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22 June 2006 Edition

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Whiterock March: Appeal for direct dialogue with residents


Orange Order raises tensions

Tensions are extremely high on the nationalist Springfield Road in West Belfast with the news that the Orange Order has rejected a Parades Commission determination for this Saturday's Whiterock Parade.

The Parades Commission ruled that 50 Orangemen and one band could march through the Workman Avenue interface while the remaining 700 Orangemen and 16 bands would be re-routed through the old Mackie's complex.

It has now emerged that West Belfast Orangemen voted unanimously on Monday night, 19 June to reject the Parades Commission determination. A spokesperson said that it is a district parade and not a lodge parade and therefore Orangemen believe the whole district should be allowed to march through Workman Avenue.

However the Orange Order could be overruled by a combination of unionist paramilitaries and politicians on the North and West Belfast Parades Forum.

Speaking to An Phoblacht on Wednesday local Sinn Féin councillor Tom Harley said people's fears are justified given the violence orchestrated by unionist paramilitaries last year. "Last summer the people of Belfast were subjected to days of unionist violence orchestrated by the UDA and UVF. The excuse given by the unionist political establishment for the violence was that for the first time the rights of the nationalist population of the Springfield Road were recognised."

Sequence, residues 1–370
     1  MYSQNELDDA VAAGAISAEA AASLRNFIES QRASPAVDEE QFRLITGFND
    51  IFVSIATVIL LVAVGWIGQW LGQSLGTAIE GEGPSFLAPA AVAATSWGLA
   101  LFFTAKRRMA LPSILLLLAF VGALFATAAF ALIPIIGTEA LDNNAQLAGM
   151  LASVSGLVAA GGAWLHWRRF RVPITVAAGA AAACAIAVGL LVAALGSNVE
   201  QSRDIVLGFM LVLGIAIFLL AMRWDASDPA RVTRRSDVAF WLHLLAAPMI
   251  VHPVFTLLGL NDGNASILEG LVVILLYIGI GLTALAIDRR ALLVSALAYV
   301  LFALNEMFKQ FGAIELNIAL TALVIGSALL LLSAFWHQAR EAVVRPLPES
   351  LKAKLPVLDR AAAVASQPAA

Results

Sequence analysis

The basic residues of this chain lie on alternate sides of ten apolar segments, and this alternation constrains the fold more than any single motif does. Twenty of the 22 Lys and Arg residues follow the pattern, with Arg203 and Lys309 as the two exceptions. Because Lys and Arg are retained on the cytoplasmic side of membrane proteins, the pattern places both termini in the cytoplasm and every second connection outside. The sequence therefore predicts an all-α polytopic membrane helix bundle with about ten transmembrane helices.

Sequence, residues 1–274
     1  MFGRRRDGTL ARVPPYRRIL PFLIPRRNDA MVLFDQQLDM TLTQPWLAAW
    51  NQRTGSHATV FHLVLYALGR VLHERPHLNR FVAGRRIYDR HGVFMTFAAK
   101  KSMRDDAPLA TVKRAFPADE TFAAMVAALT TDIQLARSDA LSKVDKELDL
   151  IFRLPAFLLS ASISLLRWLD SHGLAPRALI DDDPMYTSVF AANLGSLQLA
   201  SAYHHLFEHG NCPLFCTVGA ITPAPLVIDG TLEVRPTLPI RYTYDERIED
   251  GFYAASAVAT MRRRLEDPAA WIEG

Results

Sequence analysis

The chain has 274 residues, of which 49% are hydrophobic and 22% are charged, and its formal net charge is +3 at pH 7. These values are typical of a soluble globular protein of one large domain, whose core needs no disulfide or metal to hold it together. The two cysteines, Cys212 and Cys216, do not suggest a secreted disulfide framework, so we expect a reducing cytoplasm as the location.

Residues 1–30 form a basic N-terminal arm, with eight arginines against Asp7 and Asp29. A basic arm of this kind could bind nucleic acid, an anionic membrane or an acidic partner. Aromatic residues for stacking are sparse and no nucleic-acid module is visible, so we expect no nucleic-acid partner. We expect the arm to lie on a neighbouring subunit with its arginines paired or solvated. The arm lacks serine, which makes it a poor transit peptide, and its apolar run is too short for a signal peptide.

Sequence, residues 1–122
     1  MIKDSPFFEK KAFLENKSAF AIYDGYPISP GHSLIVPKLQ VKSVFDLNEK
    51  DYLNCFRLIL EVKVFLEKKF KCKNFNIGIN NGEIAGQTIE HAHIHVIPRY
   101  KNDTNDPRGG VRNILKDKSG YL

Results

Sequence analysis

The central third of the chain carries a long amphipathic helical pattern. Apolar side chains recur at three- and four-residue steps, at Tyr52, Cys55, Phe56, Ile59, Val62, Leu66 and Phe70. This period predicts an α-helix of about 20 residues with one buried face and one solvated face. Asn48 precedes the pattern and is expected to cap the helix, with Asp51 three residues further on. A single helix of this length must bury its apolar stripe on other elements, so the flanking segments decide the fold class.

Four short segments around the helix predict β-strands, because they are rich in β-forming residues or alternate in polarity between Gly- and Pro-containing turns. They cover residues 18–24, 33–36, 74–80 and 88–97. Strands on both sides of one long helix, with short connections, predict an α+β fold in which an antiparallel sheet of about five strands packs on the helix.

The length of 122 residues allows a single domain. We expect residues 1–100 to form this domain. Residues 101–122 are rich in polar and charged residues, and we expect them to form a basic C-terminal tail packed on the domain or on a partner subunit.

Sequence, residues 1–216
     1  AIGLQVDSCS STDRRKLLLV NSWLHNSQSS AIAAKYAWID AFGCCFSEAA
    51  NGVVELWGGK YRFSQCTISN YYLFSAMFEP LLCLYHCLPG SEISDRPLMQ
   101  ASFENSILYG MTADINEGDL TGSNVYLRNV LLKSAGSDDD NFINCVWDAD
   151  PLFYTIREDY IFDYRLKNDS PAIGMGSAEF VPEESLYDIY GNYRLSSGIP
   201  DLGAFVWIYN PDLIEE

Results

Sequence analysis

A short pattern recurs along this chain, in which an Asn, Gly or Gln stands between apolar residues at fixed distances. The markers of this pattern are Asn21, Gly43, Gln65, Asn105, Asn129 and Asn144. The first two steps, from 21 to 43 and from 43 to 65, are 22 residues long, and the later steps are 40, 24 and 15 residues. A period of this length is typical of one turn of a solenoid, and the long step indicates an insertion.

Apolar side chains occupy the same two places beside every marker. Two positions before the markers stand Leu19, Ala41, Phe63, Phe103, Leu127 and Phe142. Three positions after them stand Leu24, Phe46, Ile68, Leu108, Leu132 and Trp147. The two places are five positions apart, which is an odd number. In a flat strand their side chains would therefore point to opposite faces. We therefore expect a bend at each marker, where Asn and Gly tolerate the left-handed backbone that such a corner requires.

Hartley appealed for calm in the coming days.

The Parades Commission decision to allow the controversial Orange Order parade to go ahead had already been described by residents as "shameful". "They have rewarded violence. Loyalists rioted, bombed and fired shots last year and now they have been rewarded," said a spokesperson for the Springfield Road residents.

Residents described themselves as "bitterly disappointed" by the commission's decision and accused the Commission of undermining the very process of engagement it was established to encourage.

They also contend the decision elevates unionist bullyboy tactics while undermining progress towards dialogue and accommodation, so successfully deployed around the "Tour of the North" in North Belfast last weekend.

"Residents who tried to find a resolution through dialogue are being ignored and shunned. The Parades Commission has made things very difficult. Unionist violence of last year was deliberate and planned and has now received a huge reward from the Parades Commission", said Springfield Road Residents Action Group spokesperson Sean Murray.